Designed by Sir Christopher Wren, it is one of the most important ensembles of baroque architecture in Europe. From 1705, the Royal Hospital provided modest, wood-lined cabins as accommodation for retired sailors, housing as many as 2,700 residents at its peak in 1814. The last naval pensioners left in 1869, when the site became home to the Royal Naval College, an officers’ training academy, until 1997. When the Navy left, an independent charity was established to conserve the site for present and future generations, and create enjoyment, learning and rich cultural experiences for everyone.


Today this historic landmark is open to the public and is the home of three unique and free to visit attractions; the Painted Hall, the Chapel, and the Visitor Centre.


The Painted Hall is the greatest grand-scale decorative painting in England and has been described as ‘the Sistine Chapel of the UK’. The abundant and complex scheme covers some 40,000 square feet and was designed and executed by Sir James Thornhill between 1707 and 1726.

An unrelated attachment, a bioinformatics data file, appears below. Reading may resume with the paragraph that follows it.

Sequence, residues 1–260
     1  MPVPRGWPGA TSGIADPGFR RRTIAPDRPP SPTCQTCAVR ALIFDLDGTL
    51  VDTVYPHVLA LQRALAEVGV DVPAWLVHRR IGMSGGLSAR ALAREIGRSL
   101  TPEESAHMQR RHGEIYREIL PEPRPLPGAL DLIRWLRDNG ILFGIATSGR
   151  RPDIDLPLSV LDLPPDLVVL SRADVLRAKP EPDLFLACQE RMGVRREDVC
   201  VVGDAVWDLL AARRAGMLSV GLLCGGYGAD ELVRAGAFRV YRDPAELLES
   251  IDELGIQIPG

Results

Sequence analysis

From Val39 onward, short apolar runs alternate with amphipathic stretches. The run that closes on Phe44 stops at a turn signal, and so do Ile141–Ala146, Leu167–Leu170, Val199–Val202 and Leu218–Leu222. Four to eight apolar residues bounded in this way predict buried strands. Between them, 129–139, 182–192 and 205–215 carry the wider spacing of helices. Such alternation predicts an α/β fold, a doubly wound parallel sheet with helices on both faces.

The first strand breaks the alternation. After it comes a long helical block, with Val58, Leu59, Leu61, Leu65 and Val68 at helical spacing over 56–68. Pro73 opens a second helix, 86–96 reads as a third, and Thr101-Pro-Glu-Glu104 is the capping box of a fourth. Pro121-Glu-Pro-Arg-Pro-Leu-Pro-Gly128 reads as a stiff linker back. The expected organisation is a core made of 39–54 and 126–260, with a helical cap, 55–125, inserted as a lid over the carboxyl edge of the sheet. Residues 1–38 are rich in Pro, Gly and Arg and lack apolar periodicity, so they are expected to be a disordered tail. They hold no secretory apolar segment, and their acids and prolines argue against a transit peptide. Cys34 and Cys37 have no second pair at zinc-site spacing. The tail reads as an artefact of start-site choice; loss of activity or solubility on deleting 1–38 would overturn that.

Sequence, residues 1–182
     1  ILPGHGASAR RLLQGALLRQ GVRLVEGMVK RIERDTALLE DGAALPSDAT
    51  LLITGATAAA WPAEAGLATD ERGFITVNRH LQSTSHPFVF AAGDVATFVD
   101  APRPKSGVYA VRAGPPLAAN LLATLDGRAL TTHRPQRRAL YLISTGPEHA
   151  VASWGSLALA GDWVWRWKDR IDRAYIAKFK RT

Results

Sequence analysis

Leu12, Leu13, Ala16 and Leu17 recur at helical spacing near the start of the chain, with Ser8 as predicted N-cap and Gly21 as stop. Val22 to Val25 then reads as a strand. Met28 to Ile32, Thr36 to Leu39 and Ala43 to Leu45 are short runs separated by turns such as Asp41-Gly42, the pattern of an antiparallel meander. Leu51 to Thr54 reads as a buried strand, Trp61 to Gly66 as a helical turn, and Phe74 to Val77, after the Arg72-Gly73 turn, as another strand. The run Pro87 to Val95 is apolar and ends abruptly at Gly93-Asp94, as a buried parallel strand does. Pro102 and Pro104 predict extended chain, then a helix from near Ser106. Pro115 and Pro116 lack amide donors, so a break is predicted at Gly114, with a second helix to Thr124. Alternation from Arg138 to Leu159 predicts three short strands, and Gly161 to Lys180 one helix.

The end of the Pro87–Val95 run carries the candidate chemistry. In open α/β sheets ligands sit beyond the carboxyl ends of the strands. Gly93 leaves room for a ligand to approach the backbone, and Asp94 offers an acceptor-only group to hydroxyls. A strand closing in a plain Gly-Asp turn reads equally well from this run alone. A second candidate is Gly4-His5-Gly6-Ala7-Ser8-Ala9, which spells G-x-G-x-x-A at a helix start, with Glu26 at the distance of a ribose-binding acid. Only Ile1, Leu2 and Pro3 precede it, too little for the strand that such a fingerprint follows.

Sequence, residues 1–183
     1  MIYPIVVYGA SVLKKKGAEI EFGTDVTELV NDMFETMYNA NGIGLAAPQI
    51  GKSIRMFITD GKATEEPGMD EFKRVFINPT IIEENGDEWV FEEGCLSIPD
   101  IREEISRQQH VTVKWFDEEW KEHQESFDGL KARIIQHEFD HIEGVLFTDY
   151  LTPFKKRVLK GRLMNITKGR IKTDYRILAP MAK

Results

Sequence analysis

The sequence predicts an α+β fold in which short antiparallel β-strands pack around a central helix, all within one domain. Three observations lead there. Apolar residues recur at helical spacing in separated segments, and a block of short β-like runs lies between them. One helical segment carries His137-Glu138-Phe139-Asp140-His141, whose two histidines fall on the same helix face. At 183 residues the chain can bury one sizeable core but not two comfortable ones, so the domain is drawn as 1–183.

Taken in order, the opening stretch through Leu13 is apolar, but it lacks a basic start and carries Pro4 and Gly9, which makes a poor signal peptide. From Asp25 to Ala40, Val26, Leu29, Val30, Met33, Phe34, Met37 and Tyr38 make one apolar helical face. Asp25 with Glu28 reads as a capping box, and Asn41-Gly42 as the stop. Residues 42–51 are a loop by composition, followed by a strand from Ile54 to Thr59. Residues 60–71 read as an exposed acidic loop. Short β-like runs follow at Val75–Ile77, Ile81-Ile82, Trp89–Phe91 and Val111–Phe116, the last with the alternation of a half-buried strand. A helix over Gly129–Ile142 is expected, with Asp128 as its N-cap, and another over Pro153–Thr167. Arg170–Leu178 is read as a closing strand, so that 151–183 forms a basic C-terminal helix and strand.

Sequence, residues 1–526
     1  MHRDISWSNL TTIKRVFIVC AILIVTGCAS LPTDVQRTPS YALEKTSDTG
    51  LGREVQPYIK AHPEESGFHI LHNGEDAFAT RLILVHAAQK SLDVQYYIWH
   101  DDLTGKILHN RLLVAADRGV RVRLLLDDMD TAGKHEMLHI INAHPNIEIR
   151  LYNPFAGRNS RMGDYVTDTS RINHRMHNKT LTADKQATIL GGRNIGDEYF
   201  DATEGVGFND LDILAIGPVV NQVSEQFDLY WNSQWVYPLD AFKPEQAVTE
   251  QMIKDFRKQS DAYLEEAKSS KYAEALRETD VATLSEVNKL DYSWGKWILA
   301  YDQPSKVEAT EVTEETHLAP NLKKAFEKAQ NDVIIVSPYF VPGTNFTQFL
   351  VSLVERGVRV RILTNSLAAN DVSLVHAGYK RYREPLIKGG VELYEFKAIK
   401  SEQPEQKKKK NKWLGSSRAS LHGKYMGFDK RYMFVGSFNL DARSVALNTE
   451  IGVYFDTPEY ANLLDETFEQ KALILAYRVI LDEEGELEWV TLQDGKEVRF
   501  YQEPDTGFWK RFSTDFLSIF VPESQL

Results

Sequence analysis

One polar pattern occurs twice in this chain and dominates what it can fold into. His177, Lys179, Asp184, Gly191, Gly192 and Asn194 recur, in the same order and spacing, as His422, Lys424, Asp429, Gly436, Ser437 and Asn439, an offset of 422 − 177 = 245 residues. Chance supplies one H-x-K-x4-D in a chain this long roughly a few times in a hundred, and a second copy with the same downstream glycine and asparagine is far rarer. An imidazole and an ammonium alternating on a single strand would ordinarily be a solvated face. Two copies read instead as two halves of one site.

The Chapel of St Peter and St Paul is a neo-classical masterpiece by James ‘Athenian’ Stuart and William Newton. Featuring a Samuel Green organ and an altarpiece painted by Benjamin West, it is one of the country’s finest eighteenth century interiors in existence.


The ORNC is free to all visitors and is open daily from 10.00-17.00.


The ORNC charity is grateful to the following organisations for their support of this project: the Heritage Lottery Fund, The Sackler Trust, The Garfield Weston Foundation, the Fidelity UK Foundation, the Foyle Foundation, Sir Siegmund Warburg's Voluntary Settlement, the Pilgrim Trust, the Headley Trust, the 29th May 1961 Charitable Trust and many anonymous donations.

About the Heritage Lottery Fund (HLF)